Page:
I want to greedily search the entire parameter space of my support vector classifier using GridSearchCV. However, some combinations of parameters are forbidden by LinearSVC and throw an exception. In particular, there are mutually exclusive combinations of the dual, penalty, and loss parameters:

For example, this code:

from sklearn import svm, datasets
from sklearn.model_selection import GridSearchCV

iris = datasets.load_iris()
parameters = {'dual':[True, False], 'penalty' : ['l1', 'l2'], \
              'loss': ['hinge', 'squared_hinge']}
svc = svm.LinearSVC()
clf = GridSearchCV(svc, parameters)
clf.fit(iris.data, iris.target)

Returns ValueError: Unsupported set of arguments: The combination of penalty='l2' and loss='hinge' are not supported when dual=False, Parameters: penalty='l2', loss='hinge', dual=False

My question is: is it possible to make GridSearchCV skip combinations of parameters which the model forbids? If not, is there an easy way to construct a parameter space which won't violate the rules?


I solved this problem by passing error_score=0.0 to GridSearchCV:

error_score : ‘raise’ (default) or numeric

Value to assign to the score if an error occurs in estimator fitting. If set to ‘raise’, the error is raised. If a numeric value is given, FitFailedWarning is raised. This parameter does not affect the refit step, which will always raise the error.

  • Is there a workaround to actually avoid these combinations (or any other) before they actually output any error? – GRoutar Dec 20 '18 at 21:13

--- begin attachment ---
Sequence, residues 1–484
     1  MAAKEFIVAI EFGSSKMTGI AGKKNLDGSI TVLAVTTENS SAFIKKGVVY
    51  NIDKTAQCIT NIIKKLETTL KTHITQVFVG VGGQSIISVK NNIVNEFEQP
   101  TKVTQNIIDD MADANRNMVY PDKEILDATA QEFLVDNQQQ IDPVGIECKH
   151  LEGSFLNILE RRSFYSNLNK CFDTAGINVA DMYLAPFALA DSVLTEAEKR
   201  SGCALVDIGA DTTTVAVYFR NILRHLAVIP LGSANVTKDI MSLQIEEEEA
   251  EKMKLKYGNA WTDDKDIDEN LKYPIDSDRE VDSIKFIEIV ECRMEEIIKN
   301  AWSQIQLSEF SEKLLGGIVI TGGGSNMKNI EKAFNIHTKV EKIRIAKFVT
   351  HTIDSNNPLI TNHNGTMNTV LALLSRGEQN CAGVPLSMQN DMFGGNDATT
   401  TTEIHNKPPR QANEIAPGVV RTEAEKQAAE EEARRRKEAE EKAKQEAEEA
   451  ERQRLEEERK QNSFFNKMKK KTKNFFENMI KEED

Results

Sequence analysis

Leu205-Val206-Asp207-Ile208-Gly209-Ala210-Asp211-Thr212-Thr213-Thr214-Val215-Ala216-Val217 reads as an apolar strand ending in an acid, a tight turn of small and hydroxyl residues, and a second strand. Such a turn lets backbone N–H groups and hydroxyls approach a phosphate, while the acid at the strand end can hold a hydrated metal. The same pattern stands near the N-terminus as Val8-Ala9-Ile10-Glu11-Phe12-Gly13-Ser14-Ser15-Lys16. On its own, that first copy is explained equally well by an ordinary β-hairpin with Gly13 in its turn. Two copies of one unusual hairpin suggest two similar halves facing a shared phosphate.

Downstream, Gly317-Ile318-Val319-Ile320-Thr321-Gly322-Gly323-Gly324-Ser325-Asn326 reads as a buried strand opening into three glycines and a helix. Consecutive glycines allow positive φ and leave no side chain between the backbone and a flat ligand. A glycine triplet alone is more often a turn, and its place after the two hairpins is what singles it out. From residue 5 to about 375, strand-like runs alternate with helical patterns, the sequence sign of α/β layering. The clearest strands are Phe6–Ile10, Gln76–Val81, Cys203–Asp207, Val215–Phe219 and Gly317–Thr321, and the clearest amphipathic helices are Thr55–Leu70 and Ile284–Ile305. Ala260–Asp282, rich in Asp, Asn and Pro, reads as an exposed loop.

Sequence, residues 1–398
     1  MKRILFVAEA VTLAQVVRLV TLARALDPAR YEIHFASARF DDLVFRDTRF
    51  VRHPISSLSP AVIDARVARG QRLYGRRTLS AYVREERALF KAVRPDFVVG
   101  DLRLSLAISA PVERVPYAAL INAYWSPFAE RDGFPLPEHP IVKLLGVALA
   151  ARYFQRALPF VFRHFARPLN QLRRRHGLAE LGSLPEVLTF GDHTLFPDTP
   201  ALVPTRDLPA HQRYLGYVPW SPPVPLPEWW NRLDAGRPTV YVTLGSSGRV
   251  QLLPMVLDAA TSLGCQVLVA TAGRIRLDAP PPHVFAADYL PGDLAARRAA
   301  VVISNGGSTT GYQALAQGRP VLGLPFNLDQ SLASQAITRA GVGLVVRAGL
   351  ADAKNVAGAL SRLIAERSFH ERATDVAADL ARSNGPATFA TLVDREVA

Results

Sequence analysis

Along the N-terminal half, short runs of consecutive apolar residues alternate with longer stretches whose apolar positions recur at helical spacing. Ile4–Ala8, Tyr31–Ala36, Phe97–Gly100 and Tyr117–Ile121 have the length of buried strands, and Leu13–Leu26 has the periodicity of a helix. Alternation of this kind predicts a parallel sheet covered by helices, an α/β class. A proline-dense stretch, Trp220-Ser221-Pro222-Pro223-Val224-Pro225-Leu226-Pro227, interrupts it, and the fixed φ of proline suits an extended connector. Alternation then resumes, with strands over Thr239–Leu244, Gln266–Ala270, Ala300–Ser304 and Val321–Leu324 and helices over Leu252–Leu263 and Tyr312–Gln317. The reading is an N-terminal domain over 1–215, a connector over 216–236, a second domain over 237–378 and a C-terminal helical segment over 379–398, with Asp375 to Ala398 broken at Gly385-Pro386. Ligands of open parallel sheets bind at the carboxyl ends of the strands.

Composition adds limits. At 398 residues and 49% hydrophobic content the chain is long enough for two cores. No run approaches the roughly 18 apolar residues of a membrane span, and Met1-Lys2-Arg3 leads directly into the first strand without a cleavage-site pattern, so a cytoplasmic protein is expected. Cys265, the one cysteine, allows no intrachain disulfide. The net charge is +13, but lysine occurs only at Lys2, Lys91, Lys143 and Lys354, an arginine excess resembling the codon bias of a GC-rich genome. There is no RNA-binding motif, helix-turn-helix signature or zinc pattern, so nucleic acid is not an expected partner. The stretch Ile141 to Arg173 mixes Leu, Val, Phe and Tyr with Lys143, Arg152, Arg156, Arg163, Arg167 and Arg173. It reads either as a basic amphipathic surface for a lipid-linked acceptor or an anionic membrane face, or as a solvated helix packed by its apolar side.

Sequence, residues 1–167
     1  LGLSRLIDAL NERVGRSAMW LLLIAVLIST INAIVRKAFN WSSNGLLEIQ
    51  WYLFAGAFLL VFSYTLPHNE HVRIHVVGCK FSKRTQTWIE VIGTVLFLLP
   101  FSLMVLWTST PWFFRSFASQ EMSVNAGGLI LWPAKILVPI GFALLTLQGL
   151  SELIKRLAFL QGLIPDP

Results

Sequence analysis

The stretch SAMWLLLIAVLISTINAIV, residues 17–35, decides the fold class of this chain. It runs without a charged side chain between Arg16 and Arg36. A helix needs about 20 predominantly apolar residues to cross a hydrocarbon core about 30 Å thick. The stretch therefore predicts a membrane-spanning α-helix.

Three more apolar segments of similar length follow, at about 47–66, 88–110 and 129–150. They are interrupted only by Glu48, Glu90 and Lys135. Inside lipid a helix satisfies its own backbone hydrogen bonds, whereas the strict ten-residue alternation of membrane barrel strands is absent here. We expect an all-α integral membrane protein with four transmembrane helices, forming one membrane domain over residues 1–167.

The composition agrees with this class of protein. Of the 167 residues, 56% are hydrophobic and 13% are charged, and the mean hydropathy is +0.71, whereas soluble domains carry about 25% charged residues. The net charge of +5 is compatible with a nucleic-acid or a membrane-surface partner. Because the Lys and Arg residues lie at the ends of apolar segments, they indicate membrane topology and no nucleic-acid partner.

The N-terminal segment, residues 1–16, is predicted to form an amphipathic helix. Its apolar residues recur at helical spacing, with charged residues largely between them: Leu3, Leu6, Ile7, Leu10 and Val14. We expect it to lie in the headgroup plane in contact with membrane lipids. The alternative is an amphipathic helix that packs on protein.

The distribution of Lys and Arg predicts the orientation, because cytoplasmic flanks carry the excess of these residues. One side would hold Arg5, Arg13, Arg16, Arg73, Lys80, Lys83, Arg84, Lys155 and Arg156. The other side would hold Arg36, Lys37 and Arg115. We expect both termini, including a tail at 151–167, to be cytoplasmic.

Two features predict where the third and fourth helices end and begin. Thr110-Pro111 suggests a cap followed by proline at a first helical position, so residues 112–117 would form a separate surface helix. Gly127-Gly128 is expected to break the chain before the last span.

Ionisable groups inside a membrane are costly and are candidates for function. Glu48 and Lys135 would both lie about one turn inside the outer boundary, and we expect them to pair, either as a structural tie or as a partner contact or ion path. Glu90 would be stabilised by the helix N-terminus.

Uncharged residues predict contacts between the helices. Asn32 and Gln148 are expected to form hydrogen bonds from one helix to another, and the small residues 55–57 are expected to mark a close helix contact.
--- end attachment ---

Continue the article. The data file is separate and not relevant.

• @Khabz my answer was too big to fit in the comments, so I posted it as another answer. – crypdick Dec 21 '18 at 2:23

If you want to completely avoid exploring specific combinations (without waiting to run into errors), you have to construct the grid yourself. GridSearchCV can take a list of dicts, where the grids spanned by each dictionary in the list are explored.

In this case, the conditional logic was not so bad, but it would be really tedious for something more complicated:

from sklearn import svm, datasets
from sklearn.model_selection import GridSearchCV
from itertools import product

iris = datasets.load_iris()

duals = [True, False]
penaltys = ['l1', 'l2']
losses = ['hinge', 'squared_hinge']
all_params = list(product(duals, penaltys, losses))
filtered_params = [{'dual': [dual], 'penalty' : [penalty], 'loss': [loss]}
                   for dual, penalty, loss in all_params
                   if not (penalty == 'l1' and loss == 'hinge') 
                   and not ((penalty == 'l1' and loss == 'squared_hinge' and dual is True))
                  and not ((penalty == 'l2' and loss == 'hinge' and dual is False))]

svc = svm.LinearSVC()
clf = GridSearchCV(svc, filtered_params)
clf.fit(iris.data, iris.target)
  • I appreciate your effort but this seems like a slightly sketchy solution which would result in alot of verbose for a problem with a big number of restrictions – GRoutar Dec 24 '18 at 20:58
  • @Khabz agreed, this code is cursed! If there's a bazillion conditionals, one possibility is to programmatically construct the list of conditionals in filtered_params, then str.join(conditionals_list), and finally eval() the string to do the list comprehension. – crypdick Dec 25 '18 at 21:06

Your Answer

By clicking “Post Your Answer”, you agree to our terms of service, privacy policy and cookie policy

Not the answer you're looking for? Browse other questions tagged or ask your own question.